2020 hopeful Pete Buttigieg, in a pre-Iowa caucus debate that covered wide-ranging progressive topics but failed to deliver fireworks, said he was prepared to challenge President Donald Trump on religion.
“If a guy like Donald Trump keeps trying to use religion to somehow recruit Christianity into the GOP, I will be standing there not afraid to talk about a different way to answer the call of faith and insist that God does not belong to a political party,” the former mayor of South Bend, Indiana said.
His comments came during a segment in which he explained how he could stand up to Trump if he secured the Democratic nomination.
“I'm ready to take on Donald Trump because when he gets to the tough talk and the chest-thumping, he'll have to stand next to an American war veteran and explain how he pretended bone spurs made him ineligible to serve," the 37-year-old said.
Buttigieg, who is openly gay, has been outspoken about his Christian faith on the national stage since he announced his run for the presidency.
Tuesday’s debate, the last before the Feb. 3 Iowa caucus, was held at Drake University in Des Moines. In all, six candidates qualified for the stage, including front-runners Vermont Sen. Bernie Sanders, Massachusetts Sen. Elizabeth Warren, former Vice President Joe Biden and Buttigieg. Also securing spots were Minnesota Sen. Amy Klobuchar and billionaire activist Tom Steyer.
The candidates answered questions on the situation in the Middle East, troop deployment levels there, Medicare for All, diversity, access to higher education, a wealth tax, climate change, the economy and the ability to beat Trump in November.
Another standout moment from the debate includes an uncomfortable confrontation between Senators Warren and Sanders on whether a woman could beat Trump.
In the days leading up to the debate, Warren alleged that Sanders told her in a private 2018 meeting at her home that a woman could not beat Trump, an allegation that Sanders strongly denied on the stage.
“Anybody who knows me knows it is incomprehensible that I would think that a woman could not be president of the United States,” Sanders said.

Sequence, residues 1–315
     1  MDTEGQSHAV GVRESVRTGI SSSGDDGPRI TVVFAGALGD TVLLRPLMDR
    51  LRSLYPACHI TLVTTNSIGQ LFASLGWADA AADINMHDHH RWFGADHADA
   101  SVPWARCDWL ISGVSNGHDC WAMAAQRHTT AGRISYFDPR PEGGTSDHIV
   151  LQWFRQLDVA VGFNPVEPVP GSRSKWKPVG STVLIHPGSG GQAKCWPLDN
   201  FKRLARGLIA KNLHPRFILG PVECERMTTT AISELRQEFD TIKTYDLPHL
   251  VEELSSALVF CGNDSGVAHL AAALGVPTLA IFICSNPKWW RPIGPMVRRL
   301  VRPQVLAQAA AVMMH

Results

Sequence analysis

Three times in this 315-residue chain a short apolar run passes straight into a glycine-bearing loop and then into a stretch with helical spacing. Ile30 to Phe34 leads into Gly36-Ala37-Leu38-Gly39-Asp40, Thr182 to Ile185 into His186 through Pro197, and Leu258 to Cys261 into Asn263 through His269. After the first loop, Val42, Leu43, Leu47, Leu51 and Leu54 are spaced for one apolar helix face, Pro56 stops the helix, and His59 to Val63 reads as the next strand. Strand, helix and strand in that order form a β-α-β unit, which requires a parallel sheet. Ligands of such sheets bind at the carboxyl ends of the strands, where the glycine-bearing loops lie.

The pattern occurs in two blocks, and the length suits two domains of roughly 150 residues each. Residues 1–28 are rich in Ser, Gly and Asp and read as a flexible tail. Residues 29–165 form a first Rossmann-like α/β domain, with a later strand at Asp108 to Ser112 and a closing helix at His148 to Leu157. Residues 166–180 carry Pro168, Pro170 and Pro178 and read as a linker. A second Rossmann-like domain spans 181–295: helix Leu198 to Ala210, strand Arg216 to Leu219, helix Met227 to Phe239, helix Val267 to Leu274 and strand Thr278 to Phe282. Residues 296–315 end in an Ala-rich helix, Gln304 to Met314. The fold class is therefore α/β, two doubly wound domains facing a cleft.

“Hillary Clinton won the popular vote by three million votes. How could anybody in a million years not believe that a woman could become president of the United States?
“And let me be very clear, if any of the women on this stage, or any of the men on this stage, win the nomination—I hope that's not the case, I hope it's me—but if they do, I will do everything in my power to make sure they are elected in order to defeat the most dangerous president in the history of our country.”
Warren challenged the electability narrative in a comment that has been widely cited as one of the biggest sound bites of the evening.
"Look at the men on this stage,” she said. “Collectively, they have lost 10 elections. The only people on this stage who have won every single election that they've been in are the women—Amy [Klobuchar] and me!"
Klobuchar, who has carved out a lane as a moderate Democrat, earned praise in some quarters last night for her performance, with experts saying she showcased her steady pragmatism. She argued that her experience with middle America would provide voters with a sharp contrast in styles in a match-up with President Trump.
“I can look at him and say, `You treated these workers and farmers like poker chips,’” she said. “They’re my friends and neighbors.”
In a post-debate poll on Drudge Report, Klobuchar was deemed the top performer, garnering 26 percent of the vote, followed by Sanders at 22 percent.
Photo courtesy: ©Getty Images/Scott Olson/Staff
Lori Arnold is a national award-winning journalist whose experience includes 16 years at a daily community newspaper in San Diego and 16 years as writer-editor for the Christian Examiner. She owns StoryLori Media and is a member of the Evangelical Press Association.